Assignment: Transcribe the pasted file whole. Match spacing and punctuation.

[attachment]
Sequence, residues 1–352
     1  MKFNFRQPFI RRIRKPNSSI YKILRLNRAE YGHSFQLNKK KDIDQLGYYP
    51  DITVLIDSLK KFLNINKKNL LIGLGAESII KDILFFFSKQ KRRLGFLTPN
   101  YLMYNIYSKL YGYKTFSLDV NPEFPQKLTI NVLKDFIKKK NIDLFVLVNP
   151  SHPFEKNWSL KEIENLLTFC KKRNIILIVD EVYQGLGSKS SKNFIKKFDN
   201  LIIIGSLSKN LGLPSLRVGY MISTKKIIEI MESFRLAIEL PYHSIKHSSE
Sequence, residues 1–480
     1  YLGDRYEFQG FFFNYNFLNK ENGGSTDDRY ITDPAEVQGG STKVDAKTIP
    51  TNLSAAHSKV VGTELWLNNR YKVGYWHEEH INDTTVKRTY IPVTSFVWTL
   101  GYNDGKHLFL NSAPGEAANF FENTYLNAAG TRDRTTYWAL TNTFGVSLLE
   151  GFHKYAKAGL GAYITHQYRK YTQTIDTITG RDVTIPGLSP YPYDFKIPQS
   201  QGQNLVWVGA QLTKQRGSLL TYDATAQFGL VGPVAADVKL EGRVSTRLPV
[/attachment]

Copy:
Sequence, residues 1–352
     1  MKFNFRQPFI RRIRKPNSSI YKILRLNRAE YGHSFQLNKK KDIDQLGYYP
    51  DITVLIDSLK KFLNINKKNL LIGLGAESII KDILFFFSKQ KRRLGFLTPN
   101  YLMYNIYSKL YGYKTFSLDV NPEFPQKLTI NVLKDFIKKK NIDLFVLVNP
   151  SHPFEKNWSL KEIENLLTFC KKRNIILIVD EVYQGLGSKS SKNFIKKFDN
   201  LIIIGSLSKN LGLPSLRVGY MISTKKIIEI MESFRLAIEL PYHSIKHSSE
Sequence, residues 1–480
     1  YLGDRYEFQG FFFNYNFLNK ENGGSTDDRY ITDPAEVQGG STKVDAKTIP
    51  TNLSAAHSKV VGTELWLNNR YKVGYWHEEH INDTTVKRTY IPVTSFVWTL
   101  GYNDGKHLFL NSAPGEAANF FENTYLNAAG TRDRTTYWAL TNTFGVSLLE
   151  GFHKYAKAGL GAYITHQYRK YTQTIDTITG RDVTIPGLSP YPYDFKIPQS
   201  QGQNLVWVGA QLTKQRGSLL TYDATAQFGL VGPVAADVKL EGRVSTRLPV